The Norquist Strategy Part 2: The Trailer
Republican pollster Jon McHenry said that agreeing with the GOP to cut spending will help Obama with independent voters. “He gets to look like an adult who can work with another side,” McHenry said
The sequel to The Deal, The Norquist Strategy: Part 2, opens in February. Here is a trailer for the upcoming attraction:
[C]onservatives interviewed by The Hill took issue with the notion that deep spending cuts will curtail growth. Grover Norquist, the president of Americans for Tax Reform, said cuts would stimulate the economy because taxpayers will perceive it is less likely that their money will be “stolen” to pay for wasteful spending. [MORE . . .]
“The victory against the omnibus spending bill is so important because it allows Republicans to make a change to spending quicker,” Norquist said. Passage “would have been devastating to morale, and to the voters.”
Chris Edwards of the Cato Institute said that the “complete failure of the stimulus package” showed that “deficit spending isn’t good for growth.”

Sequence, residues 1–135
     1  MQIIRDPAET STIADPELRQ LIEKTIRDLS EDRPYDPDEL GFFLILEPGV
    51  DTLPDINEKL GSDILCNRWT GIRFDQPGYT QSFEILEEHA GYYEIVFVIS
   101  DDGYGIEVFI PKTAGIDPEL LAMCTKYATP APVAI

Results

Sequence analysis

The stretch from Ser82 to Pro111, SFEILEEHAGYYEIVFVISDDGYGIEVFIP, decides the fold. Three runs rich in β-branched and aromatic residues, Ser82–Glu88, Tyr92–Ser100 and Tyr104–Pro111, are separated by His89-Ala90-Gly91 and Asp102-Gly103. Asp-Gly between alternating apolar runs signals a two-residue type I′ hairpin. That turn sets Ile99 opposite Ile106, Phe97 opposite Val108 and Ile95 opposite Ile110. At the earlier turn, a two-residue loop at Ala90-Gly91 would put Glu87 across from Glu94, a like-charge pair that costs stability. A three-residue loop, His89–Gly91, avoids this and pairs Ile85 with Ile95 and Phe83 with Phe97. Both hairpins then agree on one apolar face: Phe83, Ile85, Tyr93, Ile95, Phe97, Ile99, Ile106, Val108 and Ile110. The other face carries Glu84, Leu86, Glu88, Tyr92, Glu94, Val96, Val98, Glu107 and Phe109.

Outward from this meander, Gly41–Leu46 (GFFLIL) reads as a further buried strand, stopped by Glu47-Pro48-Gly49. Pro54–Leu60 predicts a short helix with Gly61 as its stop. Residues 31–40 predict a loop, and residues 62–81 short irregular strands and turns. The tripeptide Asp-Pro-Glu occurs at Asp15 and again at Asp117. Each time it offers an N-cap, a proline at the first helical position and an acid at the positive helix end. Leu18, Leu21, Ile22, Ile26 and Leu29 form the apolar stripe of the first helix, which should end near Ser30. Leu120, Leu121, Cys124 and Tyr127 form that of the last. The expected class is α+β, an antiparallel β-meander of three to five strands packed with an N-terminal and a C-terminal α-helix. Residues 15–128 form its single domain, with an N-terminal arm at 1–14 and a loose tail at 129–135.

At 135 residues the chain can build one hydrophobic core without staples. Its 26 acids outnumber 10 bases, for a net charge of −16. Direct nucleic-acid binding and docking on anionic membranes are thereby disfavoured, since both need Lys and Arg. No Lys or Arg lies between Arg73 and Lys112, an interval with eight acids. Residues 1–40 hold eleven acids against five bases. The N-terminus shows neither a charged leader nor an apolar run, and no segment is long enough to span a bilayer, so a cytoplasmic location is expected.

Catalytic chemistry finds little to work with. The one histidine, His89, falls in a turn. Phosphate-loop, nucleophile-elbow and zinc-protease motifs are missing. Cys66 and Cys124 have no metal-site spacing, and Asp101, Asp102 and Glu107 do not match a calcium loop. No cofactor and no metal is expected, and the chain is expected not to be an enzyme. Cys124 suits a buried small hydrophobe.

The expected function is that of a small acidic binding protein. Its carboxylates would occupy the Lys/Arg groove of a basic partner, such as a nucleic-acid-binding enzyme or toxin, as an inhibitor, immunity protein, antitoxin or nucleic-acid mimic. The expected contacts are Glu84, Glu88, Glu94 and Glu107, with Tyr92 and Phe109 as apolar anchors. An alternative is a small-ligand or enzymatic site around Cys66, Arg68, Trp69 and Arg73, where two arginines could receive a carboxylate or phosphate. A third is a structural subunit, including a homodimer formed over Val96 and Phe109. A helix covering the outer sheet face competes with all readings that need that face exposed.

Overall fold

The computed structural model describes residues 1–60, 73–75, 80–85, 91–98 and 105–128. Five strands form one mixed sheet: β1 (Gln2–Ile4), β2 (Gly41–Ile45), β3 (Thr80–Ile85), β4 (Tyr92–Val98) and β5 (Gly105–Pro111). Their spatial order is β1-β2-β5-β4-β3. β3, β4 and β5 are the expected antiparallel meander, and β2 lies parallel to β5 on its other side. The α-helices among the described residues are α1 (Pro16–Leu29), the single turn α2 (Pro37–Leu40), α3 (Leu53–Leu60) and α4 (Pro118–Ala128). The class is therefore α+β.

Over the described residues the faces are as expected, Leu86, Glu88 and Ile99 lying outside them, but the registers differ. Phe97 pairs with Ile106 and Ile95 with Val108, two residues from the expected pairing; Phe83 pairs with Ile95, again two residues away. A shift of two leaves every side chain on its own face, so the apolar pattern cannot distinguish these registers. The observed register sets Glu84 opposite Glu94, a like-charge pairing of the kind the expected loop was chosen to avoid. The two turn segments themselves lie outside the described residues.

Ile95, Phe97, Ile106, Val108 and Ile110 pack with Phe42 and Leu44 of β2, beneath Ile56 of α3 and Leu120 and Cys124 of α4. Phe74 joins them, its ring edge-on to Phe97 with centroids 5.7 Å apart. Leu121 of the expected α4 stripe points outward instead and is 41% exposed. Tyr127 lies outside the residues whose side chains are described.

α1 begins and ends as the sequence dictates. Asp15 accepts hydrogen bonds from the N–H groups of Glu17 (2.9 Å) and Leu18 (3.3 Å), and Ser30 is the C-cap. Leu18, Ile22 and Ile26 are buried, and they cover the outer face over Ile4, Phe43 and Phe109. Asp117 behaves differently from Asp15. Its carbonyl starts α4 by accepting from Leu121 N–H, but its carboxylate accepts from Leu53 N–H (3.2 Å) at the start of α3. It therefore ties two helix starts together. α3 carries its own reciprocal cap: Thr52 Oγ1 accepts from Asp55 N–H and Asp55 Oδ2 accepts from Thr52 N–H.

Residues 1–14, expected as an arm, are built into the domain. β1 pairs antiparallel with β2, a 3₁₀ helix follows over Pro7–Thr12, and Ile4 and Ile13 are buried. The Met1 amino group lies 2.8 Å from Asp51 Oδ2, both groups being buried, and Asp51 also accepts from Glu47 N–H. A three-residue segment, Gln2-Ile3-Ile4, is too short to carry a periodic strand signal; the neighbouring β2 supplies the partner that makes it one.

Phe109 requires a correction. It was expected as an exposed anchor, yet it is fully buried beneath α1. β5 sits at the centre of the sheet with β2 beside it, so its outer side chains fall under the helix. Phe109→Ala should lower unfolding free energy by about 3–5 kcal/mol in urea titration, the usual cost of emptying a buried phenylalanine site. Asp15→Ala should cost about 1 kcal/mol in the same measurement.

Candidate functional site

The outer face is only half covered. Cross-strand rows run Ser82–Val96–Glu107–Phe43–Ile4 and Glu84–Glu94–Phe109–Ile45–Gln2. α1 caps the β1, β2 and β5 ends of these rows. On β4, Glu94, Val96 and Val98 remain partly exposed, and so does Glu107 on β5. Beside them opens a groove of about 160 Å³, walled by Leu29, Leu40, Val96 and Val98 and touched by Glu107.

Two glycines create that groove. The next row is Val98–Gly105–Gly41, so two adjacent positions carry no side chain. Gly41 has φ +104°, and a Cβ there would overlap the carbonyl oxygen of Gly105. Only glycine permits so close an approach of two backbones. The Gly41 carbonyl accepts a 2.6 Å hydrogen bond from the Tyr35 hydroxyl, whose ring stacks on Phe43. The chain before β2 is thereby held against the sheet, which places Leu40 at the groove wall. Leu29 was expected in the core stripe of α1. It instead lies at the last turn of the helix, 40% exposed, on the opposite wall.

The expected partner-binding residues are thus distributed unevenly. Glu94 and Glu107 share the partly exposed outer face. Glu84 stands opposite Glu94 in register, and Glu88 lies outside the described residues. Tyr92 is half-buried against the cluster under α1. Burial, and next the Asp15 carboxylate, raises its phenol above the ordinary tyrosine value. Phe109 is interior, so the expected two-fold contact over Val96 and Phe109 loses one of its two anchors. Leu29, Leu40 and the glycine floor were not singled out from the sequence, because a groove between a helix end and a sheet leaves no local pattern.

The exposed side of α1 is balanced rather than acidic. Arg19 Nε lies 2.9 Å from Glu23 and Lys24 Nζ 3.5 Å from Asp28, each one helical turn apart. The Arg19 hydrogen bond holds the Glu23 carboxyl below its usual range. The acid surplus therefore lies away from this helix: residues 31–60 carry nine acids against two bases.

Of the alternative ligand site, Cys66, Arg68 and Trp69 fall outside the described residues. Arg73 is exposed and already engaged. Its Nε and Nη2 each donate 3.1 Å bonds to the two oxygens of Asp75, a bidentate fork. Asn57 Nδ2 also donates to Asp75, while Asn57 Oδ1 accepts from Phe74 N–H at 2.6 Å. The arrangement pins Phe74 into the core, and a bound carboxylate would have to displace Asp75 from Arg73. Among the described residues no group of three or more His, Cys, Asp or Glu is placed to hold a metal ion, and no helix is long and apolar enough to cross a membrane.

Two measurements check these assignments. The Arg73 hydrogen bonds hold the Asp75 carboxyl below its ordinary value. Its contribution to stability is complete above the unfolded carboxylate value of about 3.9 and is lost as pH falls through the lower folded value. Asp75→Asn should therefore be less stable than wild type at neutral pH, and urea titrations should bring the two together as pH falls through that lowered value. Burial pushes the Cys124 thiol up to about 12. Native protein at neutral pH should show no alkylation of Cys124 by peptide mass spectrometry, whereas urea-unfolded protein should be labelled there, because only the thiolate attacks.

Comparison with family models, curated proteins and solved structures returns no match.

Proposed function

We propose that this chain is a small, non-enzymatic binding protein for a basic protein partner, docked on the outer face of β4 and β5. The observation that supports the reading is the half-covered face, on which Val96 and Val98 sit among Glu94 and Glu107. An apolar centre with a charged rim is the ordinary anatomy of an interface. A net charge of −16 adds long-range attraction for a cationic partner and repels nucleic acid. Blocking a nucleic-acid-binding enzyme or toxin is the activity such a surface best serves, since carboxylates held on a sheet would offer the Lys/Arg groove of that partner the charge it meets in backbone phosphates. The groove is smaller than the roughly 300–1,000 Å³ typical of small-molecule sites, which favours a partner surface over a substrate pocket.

Norquist said the GOP has to do the right thing for the economy, even at the risk that Obama could try to take the credit for a stronger recovery. He said that it would be easy for Republicans to convince voters that their cuts were the cause of the renewed growth.
But how about all those rosy economic projections as a result of the Bush/Obma tax cit "stimulus"?
[E]conomists interviewed by The Hill said they would need to know more about the possible spending cuts to estimate their effects.
[Mark] Zandi said that he was not prepared to estimate the economic effects of deep spending cuts without seeing the details first, but after the middle of 2011, he said, recovery should be strong enough to withstand reduced federal purchasing power. [. . .] If Republicans go after grants to state and local governments, however, that could cause some economic damage, Zandi said. State aid from the 2009 stimulus act is set to dry up by July, so any further cuts could cause massive and sudden downsizing at the state level, he argued.
Gee, you think? But here is my favorite:
Maya MacGuineas of the New America Foundation, who has been working with a bipartisan group of senators on deficit-cutting legislation to be introduced next year, said that while cuts in 2011 are not ideal, there is enough waste in the budget to include them without hurting the recovery.
Hmm, somehow "wasteful" spending does not add to aggregate demand for some reason according to MacGuineas.
We are ruled by idiots.
Speaking for me only
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